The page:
• Cowgirl Creamery is a Northern California institution. They have been making amazing handcrafted organic cheeses since the 1990’s and have facilities in both Pt. Reyes in Marin County and Petaluma in southern Sonoma County. Both are open for tours when booked in advance. But, if you can’t make it, this is the perfect place to get a taste of their  pungent, decadent triple cream Red Hawk, their tangy, teeny Inverness and, one of my favorites, the Humboldt Fog, a partnership with Cypress Grove creamery, a truly unusual goat cheese that is tangy and crumbly at its center, but runny and almost brie-like around the edges under the bloomy rind. With a thin layer of signature ash shot through the center, it’s a cheese as dramatic as it is delicious.

http://www.flickr.com/photos/natanyap/5304560915/sizes/m/in/photostream/

Beekind is an emporium of honey and bee related products from around the world. Candles, cosmetics, soaps, and of course, plenty of the unfiltered sweet amber itself. There are quite a few Sonoma County honeys represented in their ever changing repertoire. They also have a location in Sebastapol (921 Gravenstein Highway South) a great stop when you’re up there.

Benedetta, founded in 1996 in Sonoma County specializes in botanical skin care utilizing farm sourced ingredients from California and around the globe. Recyclable packaging, no animal testing, no chemicals or toxins. But the most important thing to me, is that these products smell and feel like heaven!

Other personal favorites include —

Acme Bread Company, The Mister spent many childhood years in the Bay Area and has become a self-styled sourdough aficionado. His criteria is based on 1) heavy sourdough flavor and 2) “Crunchewiness” which I’ve come to understand as a crisp, well baked crust, bonus points for a hint of brick oven smokiness, and an elastic bounce back from a dense interior. A loaf of Acme’s had to be purchased if only to compare to his childhood gold standard down the road a spell, but I’ll save that for part three.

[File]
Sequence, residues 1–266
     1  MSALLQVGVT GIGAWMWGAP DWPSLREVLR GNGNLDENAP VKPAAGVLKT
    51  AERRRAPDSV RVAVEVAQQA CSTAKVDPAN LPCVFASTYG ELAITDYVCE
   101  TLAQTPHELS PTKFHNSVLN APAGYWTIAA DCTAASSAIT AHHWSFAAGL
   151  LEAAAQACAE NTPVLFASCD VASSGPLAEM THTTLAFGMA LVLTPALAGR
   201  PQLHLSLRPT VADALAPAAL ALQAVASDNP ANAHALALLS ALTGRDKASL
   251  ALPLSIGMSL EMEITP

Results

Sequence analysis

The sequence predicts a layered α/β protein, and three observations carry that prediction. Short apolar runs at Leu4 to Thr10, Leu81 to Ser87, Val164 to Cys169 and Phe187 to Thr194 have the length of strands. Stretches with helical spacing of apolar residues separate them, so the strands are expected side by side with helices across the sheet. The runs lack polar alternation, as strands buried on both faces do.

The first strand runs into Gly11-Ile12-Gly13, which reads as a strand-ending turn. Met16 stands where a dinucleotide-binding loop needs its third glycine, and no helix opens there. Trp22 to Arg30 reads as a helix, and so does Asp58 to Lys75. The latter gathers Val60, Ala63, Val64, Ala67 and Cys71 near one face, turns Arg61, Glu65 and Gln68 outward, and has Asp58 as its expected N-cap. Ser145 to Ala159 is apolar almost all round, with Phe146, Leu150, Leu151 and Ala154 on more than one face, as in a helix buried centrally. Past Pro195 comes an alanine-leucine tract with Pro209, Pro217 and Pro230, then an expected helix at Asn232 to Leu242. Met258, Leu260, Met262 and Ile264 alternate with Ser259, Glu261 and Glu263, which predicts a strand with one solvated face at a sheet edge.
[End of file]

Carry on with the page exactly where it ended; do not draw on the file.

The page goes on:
• I think top sweet honors go to the Black Jet Baking Company. Caramelized coconut macaroons? Apricot crumb hand pies? Besides the diabetic coma you’re about to slip into, what’s not to like?

If you haven’t stopped off for a second brunch, and believe me, the temptations are many, time to move on down the Embarcadero, remember Sonoma is on small town time, they roll up the sidewalks early, you don’t want to miss that first sip of pinot!

So on to large, grunting, foul tempered, lazy beasts…no, not him! As we move on to A Half Day in San Francisco Part Three: Pier 39 ghastly!

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This is, by design, a Sonoma-centric blog. But you’ve got to get to God’s Country somehow, and more often than not (unless you were wise/lucky enough to fly directly into STS) that involves flying into SFO or OAK.

Rincon Center Lobby

I completely understand the instinct to burn rubber straight to Healdsburg the second you grab your rental car, but if you have the time and inclination, there’s a wonderful San Francisco detour to be taken, that could last as little as an hour or so and as long as a day, depending on your schedule. And it’s on the way from the airport(s) so you’re not going way out of your way.

If you arrive in the morning or early afternoon, get thee to YANK SING! Housed in the Rincon Center, a former 30’s era post office, Yank Sing is a dim sum mecca. By 11 am the place is packed with a line out into the unique building atrium (with its own indoor waterfall) so I suggest calling ahead.

Rincon Center mural captioned “Beating The Chinese.” Thank God things have changed for the delicious!

The room would be best described as upscale business hotel conference room chic. Acoustic tile ceilings, blonde wood and strategically placed potted bamboo trees. Even though it’s a large room the noise level is moderate, probably because everyone is so busy eating!

If you’ve never had  dim sum before, it’s basically a  small plates based Chinese breakfast/brunch. Traditional dim sum involves servers traveling around the restaurant with steam tray carts piled high with bamboo steamers filled with various dumplings, baked and fried dishes as well as vegetables. The cart lady (it’s almost always a lady) will explain what all the items are in the steamers and you just tell her which one(s) you want, and if nothing floats  your boat you just wait until the next cart comes along.